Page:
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Methotrexate reduces joint damage progression over placebo in erosive hand OA

November 09, 2019

ATLANTA -- According to new research findings presented at the 2019 ACR/ARP Annual Meeting, methotrexate did not demonstrate superior efficacy over placebo for pain relief and function evolution at three and 12 months in patients with erosive hand osteoarthritis, but did significantly reduce the progression of joint damage over placebo and seems to facilitate bone remodeling in these patients (Abstract #1759).

Osteoarthritis (OA) is a common joint disease that most often affects middle-age to elderly people. OA is a disease of the entire joint, involving the cartilage, joint lining, ligaments, and bone. It is characterized by breakdown of the cartilage (the tissue that cushions the ends of the bones between joints), bony changes of the joints, deterioration of tendons and ligaments, and various degrees of inflammation of the joint lining (called the synovium).

No studies so far have evaluated the effect of methotrexate (MTX), a disease-modifying antirheumatic drug, in hand osteoarthritis. Researchers conducted this one-year prospective, monocentric, randomized, double-blind, placebo-controlled study to examine the drug's effect on pain and structural progression in patients with symptomatic erosive hand osteoarthritis.

"Erosive hand OA poses problems in terms of pain, function and disability, but especially given the lack of truly effective therapies. The natural evolution of erosive hand OA is characterized by a succession of erosive phases and remodeling. These rearrangements suggest the involvement of pro-inflammatory cytokine cascades known to cause cartilage degradation and bone resorption," says Prof. Christian Roux, head of the joint unit in the rheumatology department at Cote d'Azur University in France, and the study's lead author. "In recent years, imaging data have confirmed the presence of inflammation in the joints of these patients. The clinical presentation and imaging data bring this entity closer to inflammatory rheumatism, such as rheumatoid arthritis and psoriatic arthritis. These similarities have justified for some the use of treatments used in inflammatory rheumatism."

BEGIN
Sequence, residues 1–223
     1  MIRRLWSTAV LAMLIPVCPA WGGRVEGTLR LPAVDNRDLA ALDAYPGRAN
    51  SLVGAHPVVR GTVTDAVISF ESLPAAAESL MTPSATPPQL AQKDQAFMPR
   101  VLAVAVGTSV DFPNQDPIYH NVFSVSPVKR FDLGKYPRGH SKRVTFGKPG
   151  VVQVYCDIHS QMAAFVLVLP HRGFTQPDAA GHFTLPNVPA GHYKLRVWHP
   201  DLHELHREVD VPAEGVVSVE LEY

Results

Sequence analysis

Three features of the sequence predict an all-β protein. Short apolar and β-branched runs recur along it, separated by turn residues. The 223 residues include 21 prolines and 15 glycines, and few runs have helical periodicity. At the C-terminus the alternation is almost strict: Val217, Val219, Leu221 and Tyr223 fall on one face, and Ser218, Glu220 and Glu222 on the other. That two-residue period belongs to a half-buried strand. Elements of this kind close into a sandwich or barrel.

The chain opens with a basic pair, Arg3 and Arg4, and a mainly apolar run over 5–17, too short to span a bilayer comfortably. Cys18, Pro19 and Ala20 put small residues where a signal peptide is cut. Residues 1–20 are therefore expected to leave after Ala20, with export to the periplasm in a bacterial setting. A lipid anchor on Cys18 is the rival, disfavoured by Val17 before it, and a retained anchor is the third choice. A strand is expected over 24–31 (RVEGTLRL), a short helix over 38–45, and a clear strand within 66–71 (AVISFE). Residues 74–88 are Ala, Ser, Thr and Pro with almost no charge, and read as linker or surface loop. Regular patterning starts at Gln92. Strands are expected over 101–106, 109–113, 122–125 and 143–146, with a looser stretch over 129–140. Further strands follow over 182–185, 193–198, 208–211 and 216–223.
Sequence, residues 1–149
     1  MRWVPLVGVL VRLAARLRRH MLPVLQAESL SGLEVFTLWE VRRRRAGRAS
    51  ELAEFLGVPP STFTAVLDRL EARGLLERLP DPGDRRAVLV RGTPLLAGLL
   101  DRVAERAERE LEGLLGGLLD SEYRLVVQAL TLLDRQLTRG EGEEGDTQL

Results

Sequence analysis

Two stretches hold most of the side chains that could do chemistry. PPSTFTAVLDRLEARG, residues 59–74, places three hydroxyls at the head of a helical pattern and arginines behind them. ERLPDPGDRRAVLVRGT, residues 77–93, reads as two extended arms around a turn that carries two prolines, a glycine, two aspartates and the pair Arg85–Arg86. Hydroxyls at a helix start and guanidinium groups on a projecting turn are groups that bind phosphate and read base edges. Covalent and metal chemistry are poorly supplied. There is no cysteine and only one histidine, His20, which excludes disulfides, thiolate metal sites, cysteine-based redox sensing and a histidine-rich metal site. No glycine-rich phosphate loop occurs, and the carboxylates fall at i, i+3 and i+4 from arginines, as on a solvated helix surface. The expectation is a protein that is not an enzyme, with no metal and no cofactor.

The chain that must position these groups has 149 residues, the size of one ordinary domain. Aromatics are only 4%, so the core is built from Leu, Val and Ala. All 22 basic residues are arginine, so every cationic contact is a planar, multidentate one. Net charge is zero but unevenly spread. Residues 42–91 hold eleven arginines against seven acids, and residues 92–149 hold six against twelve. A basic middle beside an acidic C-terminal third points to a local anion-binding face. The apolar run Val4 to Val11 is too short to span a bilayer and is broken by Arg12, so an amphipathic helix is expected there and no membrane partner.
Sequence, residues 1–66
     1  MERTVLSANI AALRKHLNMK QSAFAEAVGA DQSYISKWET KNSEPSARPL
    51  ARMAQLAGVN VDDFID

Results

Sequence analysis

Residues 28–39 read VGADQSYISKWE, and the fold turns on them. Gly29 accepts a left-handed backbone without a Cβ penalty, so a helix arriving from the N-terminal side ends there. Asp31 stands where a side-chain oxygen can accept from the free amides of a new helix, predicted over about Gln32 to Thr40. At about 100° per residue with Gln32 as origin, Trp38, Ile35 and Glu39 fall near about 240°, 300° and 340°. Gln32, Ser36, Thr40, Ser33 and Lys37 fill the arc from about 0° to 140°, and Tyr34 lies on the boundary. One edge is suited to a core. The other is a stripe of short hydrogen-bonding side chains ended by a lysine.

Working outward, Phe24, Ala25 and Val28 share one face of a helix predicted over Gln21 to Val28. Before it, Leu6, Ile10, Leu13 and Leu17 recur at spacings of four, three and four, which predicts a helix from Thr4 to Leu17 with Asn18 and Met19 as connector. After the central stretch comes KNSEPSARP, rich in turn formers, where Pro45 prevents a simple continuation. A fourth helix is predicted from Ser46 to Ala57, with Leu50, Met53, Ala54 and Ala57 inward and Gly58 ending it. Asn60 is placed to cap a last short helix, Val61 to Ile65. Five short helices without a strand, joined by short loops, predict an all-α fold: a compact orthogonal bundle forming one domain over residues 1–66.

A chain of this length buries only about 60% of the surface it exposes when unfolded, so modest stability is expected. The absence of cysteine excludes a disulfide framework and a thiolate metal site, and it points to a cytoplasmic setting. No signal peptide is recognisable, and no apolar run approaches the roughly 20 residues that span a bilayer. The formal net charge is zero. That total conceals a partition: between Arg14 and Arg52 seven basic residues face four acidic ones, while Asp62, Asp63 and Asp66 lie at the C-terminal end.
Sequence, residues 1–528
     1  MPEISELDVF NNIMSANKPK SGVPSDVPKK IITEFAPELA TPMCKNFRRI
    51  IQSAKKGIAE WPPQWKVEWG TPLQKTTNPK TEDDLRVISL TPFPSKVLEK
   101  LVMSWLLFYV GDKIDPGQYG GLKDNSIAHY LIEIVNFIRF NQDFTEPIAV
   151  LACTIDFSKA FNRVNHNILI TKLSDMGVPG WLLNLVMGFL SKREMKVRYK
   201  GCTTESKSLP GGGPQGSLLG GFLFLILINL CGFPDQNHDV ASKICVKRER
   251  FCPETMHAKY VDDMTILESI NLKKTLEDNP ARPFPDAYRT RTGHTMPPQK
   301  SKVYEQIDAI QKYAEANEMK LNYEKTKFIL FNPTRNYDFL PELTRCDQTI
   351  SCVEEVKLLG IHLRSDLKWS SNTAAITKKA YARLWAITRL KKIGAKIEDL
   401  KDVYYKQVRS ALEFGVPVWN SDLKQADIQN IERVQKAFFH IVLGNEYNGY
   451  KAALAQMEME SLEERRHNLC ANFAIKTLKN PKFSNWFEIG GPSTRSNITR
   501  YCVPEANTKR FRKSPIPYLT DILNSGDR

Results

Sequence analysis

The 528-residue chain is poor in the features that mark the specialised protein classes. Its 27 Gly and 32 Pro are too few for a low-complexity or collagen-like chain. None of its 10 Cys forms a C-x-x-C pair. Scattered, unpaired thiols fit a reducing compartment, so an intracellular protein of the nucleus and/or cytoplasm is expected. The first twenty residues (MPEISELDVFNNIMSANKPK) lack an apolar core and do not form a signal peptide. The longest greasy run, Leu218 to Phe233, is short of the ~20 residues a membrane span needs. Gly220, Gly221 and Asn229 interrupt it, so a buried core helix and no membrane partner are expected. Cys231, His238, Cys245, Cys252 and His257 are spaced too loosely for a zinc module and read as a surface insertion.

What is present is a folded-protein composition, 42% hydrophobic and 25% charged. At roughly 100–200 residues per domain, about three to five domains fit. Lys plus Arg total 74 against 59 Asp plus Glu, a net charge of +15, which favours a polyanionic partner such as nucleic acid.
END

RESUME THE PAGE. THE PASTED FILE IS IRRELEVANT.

Sixty-four patients with erosive hand OA in the study were randomized into two groups: taking a dose of 10 mg of MTX per week or a placebo. The study's primary endpoint was pain assessment at three months. Secondary endpoints were clinical features, including pain measured on a Visual Analogue Scale (VAS), radiographic features and magnetic resonance imaging (MRI) at 12 months.

At three months, there was no significant difference in the evolution in VAS pain score between both groups: the MTX group's mean decrease was 17.5 (from 28.4) and the placebo's mean decrease was 8.4 (from 25.2). Erosive joints progressed significantly more to a remodeling phase in the MTX group than the placebo group, or 27 percent to 15 percent. Joints with joint space loss appeared to be eroding less in the MTX group than in the placebo group, or eight percent to 29 percent. Interleukin-6 level and synovitis findings on MRI scans at baseline were found to be predictive factors for erosive structural evolution of non-erosive joints.

According to the study's findings, while MTX did not demonstrate superior efficacy over placebo for improvement of pain and functional evolution at three and 12 months in people with EHOA, it did significantly reduce joint damage progression compared to placebo and seems to facilitate bone remodeling. The presence of systemic and local inflammation at baseline predicted erosive progression.